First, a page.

It would be fair to say that Marissa Nadler has something of a reputation to uphold. After releasing six widely acclaimed studio albums, and transitioning from light, airy folk to deep, dark dream pop in the process, Nadler is one of the few artists who doesn’t seem to have fallen at the hurdles yet. To say she’s never released a bad album would be an understatement – Nadler may be one of her generation’s finest songwriters, seemingly able to appease critics and fans alike, whilst never compromising on the unique mysticism at the centre of her sound. Reviews must always be written with an open mind, but it would be a real shame if Strangers didn’t at least live up to its predecessors.
Reassuringly, opening track Divers Of The Dust is a very strong start. The song utilises the Dadaist cut-up method popularised by the likes of William S. Burroughs, allowing Nadler to burrow down the rabbit hole of surreal imagery. It doesn’t quite achieve the levels of unrelenting semantic destruction exhibited by a work like Naked Lunch, but makes for a bizarre and intriguing listen nonetheless. The to-ing and fro-ing of the piano coupled with the distinctive rise and fall of Nadler’s voice gives the song a totally unpredictable feel, which adds to the quasi-nonsensical visions of the lyrics. For a song that’s been written in such a bizarre fashion, Divers Of The Dust flows wonderfully. The lyrical scope encompassing the record is perhaps best exemplified by the contrast between Divers Of The Dust and Janie In Love, the latter being what you might have come to expect from one of Nadler’s love songs. “You’re a natural disaster / And I’m watching you blow up everything” she sings, with a sense of unbridled adoration in her voice, as well as an alarming lack of perceived irony. Nadler’s fluid alternation between hypnagogic musings and earthly storytelling gives Strangers some of its most compelling moments. It usually takes a lot for an artist’s lyrics to really draw me in, but Strangers ticks all the boxes.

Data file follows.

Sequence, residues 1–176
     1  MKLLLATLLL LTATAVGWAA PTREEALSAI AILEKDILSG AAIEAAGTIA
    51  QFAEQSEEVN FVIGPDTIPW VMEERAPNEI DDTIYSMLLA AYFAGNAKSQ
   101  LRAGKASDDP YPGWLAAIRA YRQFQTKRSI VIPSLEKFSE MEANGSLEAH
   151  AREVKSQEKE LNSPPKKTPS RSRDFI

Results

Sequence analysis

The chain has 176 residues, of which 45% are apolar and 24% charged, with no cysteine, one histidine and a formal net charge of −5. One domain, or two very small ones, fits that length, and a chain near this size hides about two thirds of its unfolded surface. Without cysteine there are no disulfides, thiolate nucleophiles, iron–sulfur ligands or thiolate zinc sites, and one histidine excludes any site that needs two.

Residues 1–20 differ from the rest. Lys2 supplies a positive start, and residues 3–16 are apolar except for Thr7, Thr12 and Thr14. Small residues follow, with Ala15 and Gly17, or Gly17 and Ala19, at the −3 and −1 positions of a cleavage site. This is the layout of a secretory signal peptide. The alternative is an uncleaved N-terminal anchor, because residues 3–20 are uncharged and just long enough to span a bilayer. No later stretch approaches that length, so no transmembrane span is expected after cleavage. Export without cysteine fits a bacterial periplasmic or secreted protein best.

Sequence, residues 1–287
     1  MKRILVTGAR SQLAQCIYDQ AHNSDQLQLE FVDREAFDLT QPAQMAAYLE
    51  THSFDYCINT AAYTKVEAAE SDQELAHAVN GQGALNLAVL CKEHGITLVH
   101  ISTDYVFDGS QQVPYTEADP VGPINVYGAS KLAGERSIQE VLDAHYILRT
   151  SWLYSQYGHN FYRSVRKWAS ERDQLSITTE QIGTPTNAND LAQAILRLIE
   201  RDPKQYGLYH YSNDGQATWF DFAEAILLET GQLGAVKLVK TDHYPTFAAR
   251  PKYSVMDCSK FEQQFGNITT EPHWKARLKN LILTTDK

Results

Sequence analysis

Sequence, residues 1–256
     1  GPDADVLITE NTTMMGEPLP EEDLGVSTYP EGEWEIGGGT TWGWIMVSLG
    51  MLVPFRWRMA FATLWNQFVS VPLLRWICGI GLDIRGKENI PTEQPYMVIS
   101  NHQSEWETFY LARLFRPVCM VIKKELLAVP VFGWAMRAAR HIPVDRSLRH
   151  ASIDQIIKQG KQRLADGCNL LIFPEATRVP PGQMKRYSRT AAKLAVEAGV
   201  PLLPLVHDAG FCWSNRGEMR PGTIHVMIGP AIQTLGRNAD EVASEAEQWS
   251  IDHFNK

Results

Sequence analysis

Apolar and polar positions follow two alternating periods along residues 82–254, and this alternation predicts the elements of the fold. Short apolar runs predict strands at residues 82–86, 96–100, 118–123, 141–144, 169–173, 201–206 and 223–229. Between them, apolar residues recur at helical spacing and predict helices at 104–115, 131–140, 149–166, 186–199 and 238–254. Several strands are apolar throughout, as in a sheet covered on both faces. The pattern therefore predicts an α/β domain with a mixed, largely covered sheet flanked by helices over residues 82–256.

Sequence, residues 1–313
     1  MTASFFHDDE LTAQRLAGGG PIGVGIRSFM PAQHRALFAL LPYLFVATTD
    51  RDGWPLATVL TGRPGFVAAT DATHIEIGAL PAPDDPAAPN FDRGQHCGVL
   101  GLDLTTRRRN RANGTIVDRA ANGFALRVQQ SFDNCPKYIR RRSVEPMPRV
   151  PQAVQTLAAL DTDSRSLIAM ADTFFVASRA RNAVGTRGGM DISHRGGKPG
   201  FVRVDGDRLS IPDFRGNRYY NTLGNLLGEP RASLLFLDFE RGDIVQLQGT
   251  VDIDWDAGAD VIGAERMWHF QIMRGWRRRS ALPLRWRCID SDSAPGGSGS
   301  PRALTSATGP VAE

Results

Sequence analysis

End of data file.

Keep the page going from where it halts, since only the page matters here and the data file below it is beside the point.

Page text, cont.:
Not to detract from the music, which is also excellent. All The Colours Of The Dark is as gothic and distanced as it is beautiful, complete with poignant string arrangements, which are never nearly as cloying as they tend to be during typical singer-songwriter excursions. Then again, Nadler isn’t your typical singer-songwriter. The arrangements are tastefully restrained and generally well done throughout the album. The title track’s gentle acoustic strumming and evocative electric guitar lines are reminiscent of the music of Steve Gunn, possessing the same meditative qualities, before distorted patches of noise swerve the melody off-road for a moment, adding to the essential strangeness which haunts Nadler’s songs. Katie I Know is another stand-out moment, the subtle mellotron groove and graceful vocal lilt reinforcing its ethereal nature. Likewise, Dissolve is a wonderful end to the album, allowing the listener to witness Nadler’s return to her folk origins. Having said that, this isn’t the hackneyed stylistic cliché of an artist ‘going back to their roots’ – this is every bit as genuinely serene as her earlier works. Clearly her forays into wider sonic spaces haven’t hindered the quiet, beautiful folk sensibilities she has displayed for so long.
Strangers has permitted Marissa Nadler to open up her sound even more. This is the LP’s greatest triumph, allowing the music to conjure a grandness which is fully realised throughout. The fact that an album which incorporates dark folk, ethereal wave and alternative rock could retain such sheer congruity and a prominent sense of intelligent restraint is truly impressive. Strangers sounds more like a carefully constructed soundtrack than an album at some points, but at the heart of it all, it’s just a collection of great songs, sung by someone who seems to have no intention of slowing down.